I don't know why this just popped into my mind, but one thing about Maine you may appreciate is how big locally grown food is here. We have many family-owned farms (organic and non-organic), cheesemakers, orchards, beer brewers, bakers, cooks, etc. Loads of farmers' markets, including quite a few winter markets. All summer long and into the fall we have so many festivals and fairs you can go to something just about every week to celebrate strawberries, blueberries, clams, lobster, farm animals, all kinds of produce, organics, music and on and on.

You don't say what your situation is, but the big warning that's needed is that Maine is a relatively poor state and always has been. Wages are low here, jobs have always been hard to come by and they are particularly difficult to find these days. Don't even think about coming to Maine unless at least one of you already has a job lined up or you are planning to retire here. There are many, many people of working age who would live in Maine in a heartbeat but they can't find a job in their area of interest here or at least one that pays anything close to what they can get elsewhere. It's very common to have people grow up in Maine, spend their entire working lives "in exile" and move back here in retirement.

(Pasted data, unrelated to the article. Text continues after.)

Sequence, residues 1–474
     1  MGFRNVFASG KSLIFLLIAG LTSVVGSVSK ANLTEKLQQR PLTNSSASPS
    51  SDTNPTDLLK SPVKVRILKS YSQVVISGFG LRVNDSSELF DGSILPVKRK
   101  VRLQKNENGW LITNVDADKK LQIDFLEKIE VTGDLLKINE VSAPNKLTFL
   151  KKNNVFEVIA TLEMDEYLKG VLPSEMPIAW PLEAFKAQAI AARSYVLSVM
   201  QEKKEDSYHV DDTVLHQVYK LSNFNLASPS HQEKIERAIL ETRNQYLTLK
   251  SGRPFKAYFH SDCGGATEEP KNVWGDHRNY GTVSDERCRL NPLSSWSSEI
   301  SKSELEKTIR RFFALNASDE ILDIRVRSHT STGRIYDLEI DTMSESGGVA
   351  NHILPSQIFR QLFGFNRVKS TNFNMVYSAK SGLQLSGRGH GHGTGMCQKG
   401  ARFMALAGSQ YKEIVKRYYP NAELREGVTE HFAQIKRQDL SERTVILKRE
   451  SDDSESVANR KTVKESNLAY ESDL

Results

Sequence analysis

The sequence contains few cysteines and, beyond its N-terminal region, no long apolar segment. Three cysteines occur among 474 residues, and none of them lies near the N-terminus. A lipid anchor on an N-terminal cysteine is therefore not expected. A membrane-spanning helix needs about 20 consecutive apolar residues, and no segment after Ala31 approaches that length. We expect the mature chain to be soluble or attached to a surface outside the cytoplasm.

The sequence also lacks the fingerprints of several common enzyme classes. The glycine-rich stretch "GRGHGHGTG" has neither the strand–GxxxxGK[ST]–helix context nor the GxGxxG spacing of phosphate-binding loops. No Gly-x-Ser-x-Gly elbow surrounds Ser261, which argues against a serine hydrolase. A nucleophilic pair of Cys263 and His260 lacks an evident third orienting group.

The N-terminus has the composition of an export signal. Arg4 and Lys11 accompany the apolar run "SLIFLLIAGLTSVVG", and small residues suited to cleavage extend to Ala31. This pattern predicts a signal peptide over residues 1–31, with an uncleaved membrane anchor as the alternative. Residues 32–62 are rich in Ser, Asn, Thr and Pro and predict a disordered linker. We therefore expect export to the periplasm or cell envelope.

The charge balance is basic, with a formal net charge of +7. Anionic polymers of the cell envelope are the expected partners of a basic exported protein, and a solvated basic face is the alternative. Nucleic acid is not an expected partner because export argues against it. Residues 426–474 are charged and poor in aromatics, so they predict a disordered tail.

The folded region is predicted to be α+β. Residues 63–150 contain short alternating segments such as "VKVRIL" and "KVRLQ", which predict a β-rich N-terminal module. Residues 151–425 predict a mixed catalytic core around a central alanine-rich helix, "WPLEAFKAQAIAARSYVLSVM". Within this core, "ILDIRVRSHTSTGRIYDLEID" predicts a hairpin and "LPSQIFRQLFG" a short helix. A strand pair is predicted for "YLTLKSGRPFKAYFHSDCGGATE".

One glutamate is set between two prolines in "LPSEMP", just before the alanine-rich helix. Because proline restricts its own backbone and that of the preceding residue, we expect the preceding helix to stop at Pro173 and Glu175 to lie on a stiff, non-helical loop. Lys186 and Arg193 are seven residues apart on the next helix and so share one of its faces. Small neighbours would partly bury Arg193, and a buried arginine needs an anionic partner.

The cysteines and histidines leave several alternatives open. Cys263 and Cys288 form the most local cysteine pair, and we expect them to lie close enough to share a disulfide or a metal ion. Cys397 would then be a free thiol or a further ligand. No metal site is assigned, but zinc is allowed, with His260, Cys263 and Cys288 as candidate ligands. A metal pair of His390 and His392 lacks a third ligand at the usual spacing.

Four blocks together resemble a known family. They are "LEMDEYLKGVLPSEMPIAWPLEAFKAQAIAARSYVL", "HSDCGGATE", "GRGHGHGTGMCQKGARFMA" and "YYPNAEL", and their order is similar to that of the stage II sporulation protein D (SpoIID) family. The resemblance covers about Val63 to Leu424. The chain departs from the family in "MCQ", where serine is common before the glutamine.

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Old 11-05-2009, 05:58 AM
 
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I grew up in Kalifornia, and although it was a nice place to grow up, Maine is much nicer. Although Maine, like CA, is dominated by liberals, the people are very nice, so if that is your thing you will like it. Just make sure you have a good job, I would never be able to live here without good employment--or a trust fund :-)
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Old 11-05-2009, 04:01 PM